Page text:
Summer of Anne Tyler

This summer has been my Anne Tyler book phase. I’ve gone through book phases most of my life. I remember my Michael Crichton phase (a gorilla named Amy!) and I had a John Grisham phase (lawyers can be interesting). My Jane Austen phase was fun, but all too quickly I was through her books. I’ve noticed God brings me to the right books at the right time. I love Anne Tyler’s writing, and I would say “I can’t believe I’ve never read her books before this summer” except I do believe it. God does these things for a reason. I can learn a lot of writing craft from Ms. Tyler, and apparently now is the time for it.

More for my benefit than yours, I’m going to list the books I read and write a little something about each one. I would do my usual quote, but I don’t have the books anymore.

If Morning Ever Comes: Anne’s first book, and I adored it, even though it did not take place in Baltimore! A male hero in a houseful of females.

The Clock Winder: I didn’t immediately like Elizabeth, the heroine, or any of the characters for that matter, but I did stick with it and was satisfied with the ending. The locusts at the end are very memorable!

Celestial Navigation: One of my favorites! It’s about an eccentric artist. The structure of this book is something I’d like to try: each chapter is titled by a character’s name and goes deep into that person’s conscience. It shows off Anne’s great ability to get into her characters’ existence.

Dinner at the Homesick Restaurant: Another book I had to stick with because I didn’t immediately like the characters. The owner of the restaurant, Ezra, is the most likable character, but I did not like how he never came up on top. He’s the type of person to be walked all over by his family. Maybe that’s the point. I read an interview with Anne Tyler, and apparently Ezra is one of her favorite characters.

The Accidental Tourist: The bad morality of this book clashes with the great writing. I have mixed opinions.

Breathing Lessons: This is my favorite. It’s about a lot of things, but among them is the marriage of Ira and Maggie, a middle-aged couple going to a funeral of a friend’s husband. I know this sounds extreme, but I’ve decided Ira is my second-favorite male book character, right after Mr. Rochester in Jane Eyre.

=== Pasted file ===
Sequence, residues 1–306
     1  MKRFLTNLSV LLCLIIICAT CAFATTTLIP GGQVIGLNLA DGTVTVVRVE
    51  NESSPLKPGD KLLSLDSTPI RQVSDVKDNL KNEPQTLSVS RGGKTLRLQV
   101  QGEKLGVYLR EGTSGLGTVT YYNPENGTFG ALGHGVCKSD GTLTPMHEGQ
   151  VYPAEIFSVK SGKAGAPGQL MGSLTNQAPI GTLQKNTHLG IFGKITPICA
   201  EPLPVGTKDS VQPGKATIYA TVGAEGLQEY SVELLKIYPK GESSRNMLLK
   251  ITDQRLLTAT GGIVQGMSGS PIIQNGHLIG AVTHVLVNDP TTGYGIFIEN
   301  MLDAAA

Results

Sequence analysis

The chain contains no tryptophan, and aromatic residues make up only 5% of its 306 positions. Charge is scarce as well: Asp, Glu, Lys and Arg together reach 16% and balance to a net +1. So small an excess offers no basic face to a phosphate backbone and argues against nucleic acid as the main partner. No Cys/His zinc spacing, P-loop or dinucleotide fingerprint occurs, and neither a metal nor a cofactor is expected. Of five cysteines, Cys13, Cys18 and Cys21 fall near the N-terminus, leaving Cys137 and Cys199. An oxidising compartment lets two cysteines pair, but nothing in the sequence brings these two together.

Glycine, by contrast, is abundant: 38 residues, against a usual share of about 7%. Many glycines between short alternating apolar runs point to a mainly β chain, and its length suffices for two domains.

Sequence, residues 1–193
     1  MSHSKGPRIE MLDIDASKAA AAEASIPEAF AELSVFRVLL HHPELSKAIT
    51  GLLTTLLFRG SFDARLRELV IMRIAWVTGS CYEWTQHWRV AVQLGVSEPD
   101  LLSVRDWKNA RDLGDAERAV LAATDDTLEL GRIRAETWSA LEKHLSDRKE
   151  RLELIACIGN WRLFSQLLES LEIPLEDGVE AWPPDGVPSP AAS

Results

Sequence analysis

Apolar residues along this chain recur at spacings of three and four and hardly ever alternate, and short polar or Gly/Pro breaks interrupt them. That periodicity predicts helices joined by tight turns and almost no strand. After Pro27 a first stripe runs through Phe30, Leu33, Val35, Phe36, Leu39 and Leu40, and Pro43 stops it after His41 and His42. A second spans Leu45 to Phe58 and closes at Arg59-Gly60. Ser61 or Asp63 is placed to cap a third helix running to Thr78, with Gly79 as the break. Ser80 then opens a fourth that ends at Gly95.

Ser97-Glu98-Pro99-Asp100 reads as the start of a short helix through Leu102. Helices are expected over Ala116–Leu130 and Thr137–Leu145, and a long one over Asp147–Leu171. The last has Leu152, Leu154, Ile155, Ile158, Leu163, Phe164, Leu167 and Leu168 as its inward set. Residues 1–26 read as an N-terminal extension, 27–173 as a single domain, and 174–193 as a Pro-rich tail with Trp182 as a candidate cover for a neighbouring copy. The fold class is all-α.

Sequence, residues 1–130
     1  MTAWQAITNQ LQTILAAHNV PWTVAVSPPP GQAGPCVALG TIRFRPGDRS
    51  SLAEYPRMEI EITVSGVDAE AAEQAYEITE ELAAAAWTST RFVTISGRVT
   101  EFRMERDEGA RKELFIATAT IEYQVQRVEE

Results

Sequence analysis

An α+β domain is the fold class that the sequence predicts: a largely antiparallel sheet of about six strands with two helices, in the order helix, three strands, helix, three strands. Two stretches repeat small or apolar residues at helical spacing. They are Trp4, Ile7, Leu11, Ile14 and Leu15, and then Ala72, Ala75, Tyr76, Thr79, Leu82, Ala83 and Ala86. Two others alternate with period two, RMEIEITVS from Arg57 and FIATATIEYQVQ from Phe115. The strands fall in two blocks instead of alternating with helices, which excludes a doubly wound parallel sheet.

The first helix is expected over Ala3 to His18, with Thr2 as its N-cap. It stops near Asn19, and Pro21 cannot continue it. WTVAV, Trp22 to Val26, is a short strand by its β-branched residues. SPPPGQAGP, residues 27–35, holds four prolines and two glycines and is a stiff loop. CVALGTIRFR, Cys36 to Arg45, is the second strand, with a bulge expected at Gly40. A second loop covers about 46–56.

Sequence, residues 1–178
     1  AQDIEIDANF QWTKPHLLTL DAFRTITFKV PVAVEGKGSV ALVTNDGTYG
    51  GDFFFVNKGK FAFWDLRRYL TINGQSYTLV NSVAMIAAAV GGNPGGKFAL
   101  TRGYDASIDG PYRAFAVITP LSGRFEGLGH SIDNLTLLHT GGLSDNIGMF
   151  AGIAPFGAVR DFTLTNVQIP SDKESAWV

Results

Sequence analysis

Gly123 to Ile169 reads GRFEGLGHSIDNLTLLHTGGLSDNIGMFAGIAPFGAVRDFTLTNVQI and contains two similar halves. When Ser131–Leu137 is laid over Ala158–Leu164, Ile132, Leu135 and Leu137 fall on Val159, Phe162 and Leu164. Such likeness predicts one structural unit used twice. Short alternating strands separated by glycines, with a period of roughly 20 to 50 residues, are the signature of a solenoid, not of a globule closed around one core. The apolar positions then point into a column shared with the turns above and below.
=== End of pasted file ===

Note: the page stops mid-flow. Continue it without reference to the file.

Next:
Ladder of Years: Another middle-aged mom, and this one is very sweet. She does something spontaneous and can’t get out of it. I like the way life happens to her, and the way the story continues though almost nothing can be easily ironed out at the end.

Back When We Were Grownups: Yet another middle-aged mom, this time a widow. An introvert who ended up being a party-planner! I like how this job (which came naturally with her marriage) changed her over time. The birthday party at the end with the old family video seemed like such a good way to finish the book. I would rate this as my second-favorite Anne Tyler book.

The Amateur Marriage: This book seemed more historical, following the beginning of the marriage, but it does end up in the present when the main characters are old. I didn’t really like this book because of the way it treats divorce and unfaithfulness, but again the writing itself is admirable.

Digging to America: The only one I couldn’t finish. I don’t know why.

Noah’s Compass: This time it’s about an older dad, widowed and divorced, and he meets someone much younger… Again, the morality isn’t the best, but I did feel sympathy for Liam.

The Beginner’s Goodbye: This is one of the more memorable ones for me. Aaron’s wife is killed in a freak accident, and he has difficulty dealing with his grief. I’d say this is the most touching story she has written (of the ones I’ve read, of course).

A Spool of Blue Thread: Well, this is the first one I read, and the way she writes from the very soul of her characters captured me. I don’t particularly care for the plot in this book, but plot isn’t everything. In fact, in Anne Tyler books, plot is minor. Character is key.

Vinegar Girl: Brand-new Anne Tyler book! It is a modern retelling of Shakespeare’s The Taming of the Shrew. Kate is a shrew all right, and she is tamed by the end. The real feat here is getting the reader to dislike Kate in the beginning and then slowly reel them into sympathizing with her. It might as well be The Taming of the Reader. I love the Russian hero, Pyotr! I’m glad Kate ends up loving him, too.

That’s all I read. I still have a few to go, but I’m taking a break. I have to concentrate on school for awhile. Does anyone else out there have a favorite Anne Tyler book or character?


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